3. Cotton gin which separates the seeds from cotton three hundred times faster than by the hand.
  4. The discovery of explosive helped army and also for mineral exploration.
Question 7:

It is often said that the world is witnessing now a second industrial revolution, which will transform the society as radically as did the first. List some key contemporary areas of sciences and technology, which are responsible for this revolution.


Following areas can transform the present society :

  1. The development of information technology for internet, supercomputers, satellite communications.
  2. The development of superconductors at room temperature.
  3. The development of infrared detectors used for remote sensing, night vision and geological survey etc.
  4. The development in agriculture using modern techniques.
  5. The development in biotechnology, nanotechnology and genetic engineering, which will change the face of the world in coming years.
Question 8:

Write in about 1000 words a fiction piece based on your speculation on the science and technology of the twenty second century.


In early times, people used horses to cover long distances. Today, we can go to a place which is far away from our town by buses or cars using petrol/ diesel. For going from one country to another, we use helicopter or aeroplanes which use petrol as fuel. In twenty second century we will be able to cover distances in light years away from earth by using spacecraft without bothering about the fuel requirement. The space ship starts its journey from earth to a distant star, say 500 light years away by firing a rocket engine from the launching station. Let it may be propelled by current fed into electric motor consisting of superconducting wires so that there is no wastage of electric energy due to production of heat. When the spacecraft is out of the region of magnetic field in space, it can generate electric current by electromagnetic induction through its superconducting wires.

During its journey, let the spacecraft passes through a region which has very high temperature and it destroys the conducting properties of the electric wires of the motor of the spacecraft and the life of the astronomers in the spaceship is in danger. At this stage another spacecraft from earth station containing matter and antimatter comes to rescue of the first space ship with velocity very close to the velocity of light. Hence the first sapce ship may continue its journey to the distant star.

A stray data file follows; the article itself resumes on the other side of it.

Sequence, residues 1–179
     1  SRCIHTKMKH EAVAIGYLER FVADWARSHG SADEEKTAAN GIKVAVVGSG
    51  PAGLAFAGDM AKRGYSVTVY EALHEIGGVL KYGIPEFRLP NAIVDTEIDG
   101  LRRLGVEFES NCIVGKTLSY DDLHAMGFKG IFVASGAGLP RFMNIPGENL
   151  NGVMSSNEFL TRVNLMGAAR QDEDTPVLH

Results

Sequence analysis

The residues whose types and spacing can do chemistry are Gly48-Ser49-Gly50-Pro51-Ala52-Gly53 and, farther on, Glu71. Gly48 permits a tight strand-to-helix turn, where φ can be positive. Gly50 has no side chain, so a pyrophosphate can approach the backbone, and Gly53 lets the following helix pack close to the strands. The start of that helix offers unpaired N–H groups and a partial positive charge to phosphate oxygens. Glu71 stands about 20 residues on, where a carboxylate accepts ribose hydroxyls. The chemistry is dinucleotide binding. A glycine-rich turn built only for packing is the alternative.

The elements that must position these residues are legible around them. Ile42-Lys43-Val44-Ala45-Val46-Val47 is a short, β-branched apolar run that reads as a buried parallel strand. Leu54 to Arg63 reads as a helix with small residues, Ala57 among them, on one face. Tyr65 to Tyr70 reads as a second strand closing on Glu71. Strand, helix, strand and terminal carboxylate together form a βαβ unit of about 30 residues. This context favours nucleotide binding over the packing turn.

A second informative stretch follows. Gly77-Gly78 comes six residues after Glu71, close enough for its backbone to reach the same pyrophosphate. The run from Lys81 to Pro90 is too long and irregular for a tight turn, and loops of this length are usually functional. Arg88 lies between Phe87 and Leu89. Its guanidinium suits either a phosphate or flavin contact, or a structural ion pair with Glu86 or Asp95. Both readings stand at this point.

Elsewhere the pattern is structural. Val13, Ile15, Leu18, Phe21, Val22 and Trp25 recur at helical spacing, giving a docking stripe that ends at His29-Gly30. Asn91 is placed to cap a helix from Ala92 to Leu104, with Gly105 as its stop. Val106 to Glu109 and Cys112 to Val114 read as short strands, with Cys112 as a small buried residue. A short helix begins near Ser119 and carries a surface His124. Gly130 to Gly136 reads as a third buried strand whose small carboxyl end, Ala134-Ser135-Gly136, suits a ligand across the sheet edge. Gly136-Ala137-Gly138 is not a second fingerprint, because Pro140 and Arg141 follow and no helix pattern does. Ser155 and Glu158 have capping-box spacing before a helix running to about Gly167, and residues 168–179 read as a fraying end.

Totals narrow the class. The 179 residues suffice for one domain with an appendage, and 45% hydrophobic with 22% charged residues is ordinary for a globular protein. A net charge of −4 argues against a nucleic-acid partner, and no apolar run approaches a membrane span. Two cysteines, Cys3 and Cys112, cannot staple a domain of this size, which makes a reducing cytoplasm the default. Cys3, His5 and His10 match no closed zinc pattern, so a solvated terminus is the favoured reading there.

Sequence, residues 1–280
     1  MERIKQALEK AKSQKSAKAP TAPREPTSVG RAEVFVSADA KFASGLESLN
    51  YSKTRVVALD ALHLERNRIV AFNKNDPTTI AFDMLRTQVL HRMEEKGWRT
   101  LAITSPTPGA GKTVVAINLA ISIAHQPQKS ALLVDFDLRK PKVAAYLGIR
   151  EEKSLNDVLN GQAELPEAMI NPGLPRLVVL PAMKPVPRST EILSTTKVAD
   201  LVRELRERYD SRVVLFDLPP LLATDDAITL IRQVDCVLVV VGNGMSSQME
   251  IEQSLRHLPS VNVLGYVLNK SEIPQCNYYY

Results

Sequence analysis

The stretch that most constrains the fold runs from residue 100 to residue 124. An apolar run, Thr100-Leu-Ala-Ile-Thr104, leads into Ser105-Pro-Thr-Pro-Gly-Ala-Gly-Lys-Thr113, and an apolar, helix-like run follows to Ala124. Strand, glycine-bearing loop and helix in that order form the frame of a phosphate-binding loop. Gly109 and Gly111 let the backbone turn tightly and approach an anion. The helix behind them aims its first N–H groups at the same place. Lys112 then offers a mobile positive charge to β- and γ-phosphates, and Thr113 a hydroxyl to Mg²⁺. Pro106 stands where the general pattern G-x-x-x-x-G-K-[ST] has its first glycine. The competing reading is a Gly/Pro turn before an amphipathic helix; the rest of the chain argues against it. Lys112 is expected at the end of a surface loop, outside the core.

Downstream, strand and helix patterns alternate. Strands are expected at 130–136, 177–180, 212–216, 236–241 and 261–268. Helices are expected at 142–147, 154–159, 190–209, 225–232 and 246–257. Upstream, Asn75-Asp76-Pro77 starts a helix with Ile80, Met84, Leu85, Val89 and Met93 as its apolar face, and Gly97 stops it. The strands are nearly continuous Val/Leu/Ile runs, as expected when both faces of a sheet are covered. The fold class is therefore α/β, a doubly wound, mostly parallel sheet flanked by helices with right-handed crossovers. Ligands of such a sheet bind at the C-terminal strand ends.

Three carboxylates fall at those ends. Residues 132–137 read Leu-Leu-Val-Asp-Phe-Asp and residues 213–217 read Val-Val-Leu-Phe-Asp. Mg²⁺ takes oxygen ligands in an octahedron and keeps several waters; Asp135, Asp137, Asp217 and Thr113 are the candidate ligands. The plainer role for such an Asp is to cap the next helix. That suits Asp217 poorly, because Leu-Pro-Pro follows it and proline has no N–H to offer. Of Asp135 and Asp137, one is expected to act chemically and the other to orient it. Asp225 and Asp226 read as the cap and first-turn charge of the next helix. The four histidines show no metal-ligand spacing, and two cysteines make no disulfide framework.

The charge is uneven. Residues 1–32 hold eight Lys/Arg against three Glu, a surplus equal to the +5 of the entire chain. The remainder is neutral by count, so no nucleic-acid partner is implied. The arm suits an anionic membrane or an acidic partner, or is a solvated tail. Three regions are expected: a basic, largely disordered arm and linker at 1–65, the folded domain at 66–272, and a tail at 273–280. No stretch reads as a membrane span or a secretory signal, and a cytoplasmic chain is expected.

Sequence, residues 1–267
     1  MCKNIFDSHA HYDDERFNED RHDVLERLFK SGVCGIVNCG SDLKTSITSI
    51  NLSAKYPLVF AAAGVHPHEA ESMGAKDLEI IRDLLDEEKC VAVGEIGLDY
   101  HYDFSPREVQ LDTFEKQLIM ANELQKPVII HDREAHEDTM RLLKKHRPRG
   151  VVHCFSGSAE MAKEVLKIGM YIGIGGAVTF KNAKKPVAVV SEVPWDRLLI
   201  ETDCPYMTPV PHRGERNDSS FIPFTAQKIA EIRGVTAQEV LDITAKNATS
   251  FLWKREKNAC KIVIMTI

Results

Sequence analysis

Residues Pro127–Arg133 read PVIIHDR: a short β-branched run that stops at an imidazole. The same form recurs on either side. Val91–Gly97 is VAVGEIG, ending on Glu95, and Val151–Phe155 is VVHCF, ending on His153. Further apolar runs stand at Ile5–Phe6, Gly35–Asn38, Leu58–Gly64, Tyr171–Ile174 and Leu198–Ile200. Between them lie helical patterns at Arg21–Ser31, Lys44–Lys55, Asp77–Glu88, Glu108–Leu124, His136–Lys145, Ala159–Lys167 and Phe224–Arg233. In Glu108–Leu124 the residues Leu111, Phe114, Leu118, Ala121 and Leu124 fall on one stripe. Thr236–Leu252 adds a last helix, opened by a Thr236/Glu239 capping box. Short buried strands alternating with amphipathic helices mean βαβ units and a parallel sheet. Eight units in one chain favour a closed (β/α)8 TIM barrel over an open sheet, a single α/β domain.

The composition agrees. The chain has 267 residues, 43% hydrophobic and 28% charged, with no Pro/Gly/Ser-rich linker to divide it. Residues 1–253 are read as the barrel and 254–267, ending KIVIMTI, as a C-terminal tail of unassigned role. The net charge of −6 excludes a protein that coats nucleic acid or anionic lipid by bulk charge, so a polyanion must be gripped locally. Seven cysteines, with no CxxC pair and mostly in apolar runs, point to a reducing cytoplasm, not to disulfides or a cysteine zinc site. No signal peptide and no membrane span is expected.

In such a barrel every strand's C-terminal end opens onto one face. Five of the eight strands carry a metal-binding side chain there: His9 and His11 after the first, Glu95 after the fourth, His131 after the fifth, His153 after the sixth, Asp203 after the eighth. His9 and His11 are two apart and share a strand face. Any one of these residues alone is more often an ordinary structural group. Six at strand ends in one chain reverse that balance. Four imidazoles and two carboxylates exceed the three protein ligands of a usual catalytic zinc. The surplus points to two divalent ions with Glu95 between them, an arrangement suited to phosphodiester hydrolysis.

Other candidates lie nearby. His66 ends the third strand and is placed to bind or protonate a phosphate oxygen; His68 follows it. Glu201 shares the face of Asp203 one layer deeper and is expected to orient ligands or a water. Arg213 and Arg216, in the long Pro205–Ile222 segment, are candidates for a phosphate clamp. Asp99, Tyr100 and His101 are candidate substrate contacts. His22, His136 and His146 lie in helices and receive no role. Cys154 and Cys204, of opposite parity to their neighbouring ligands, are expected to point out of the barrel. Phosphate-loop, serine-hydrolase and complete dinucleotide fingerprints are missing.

Question 9:

Attempt to formulate your ‘moral’ views on the practice of science. Imagine yourself stumbling upon a discovery, which has great academic interest but is certain to have nothing but dangerous consequences for the human society. How, if at all, will you resolve your dilemma ?


A scientific discovery is having both the effect i.e., good or bad for human society but it always reveals a truth of nature, though there may be conflict between moral and ethical values like cleaning of animalete but this discovery can always be applied to serve mankind. Thus, all the discoveries can have good and bad effects, on mankind and the scientists must reveal the good and bad effects to the society. The discovery made today may have some dangerous effect at present but may become useful to mankind after some time. So if any discovery has great academic interest but dangerous consequence, I shall prefer to use it for academic purpose and must built up strong public opinion for its good effects and tell them not to misuse this scientific technology.

Question 10:

Science, like any knowledge, can be put to good or bad use, depending on the user. Given below are some of the applications of science. Formulate your views on whether the particular application is good, bad or something that cannot be so clearly categorised :

  1. Mass vaccination against small pox to curb and finally eradicate this disease from the population (This has already been sucessfully done in India).
  2. Television for eradication of illiteracy and for mass communication of news and ideas.
  3. Prenatal sex determination
  4. Computers for increase in work efficiency
  5. Putting artificial satellites into orbits around the Earth